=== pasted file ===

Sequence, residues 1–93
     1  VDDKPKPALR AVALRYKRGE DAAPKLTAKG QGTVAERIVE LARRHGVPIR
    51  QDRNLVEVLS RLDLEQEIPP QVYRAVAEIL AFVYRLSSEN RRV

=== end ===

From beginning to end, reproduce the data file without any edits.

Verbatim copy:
Sequence, residues 1–93
     1  VDDKPKPALR AVALRYKRGE DAAPKLTAKG QGTVAERIVE LARRHGVPIR
    51  QDRNLVEVLS RLDLEQEIPP QVYRAVAEIL AFVYRLSSEN RRV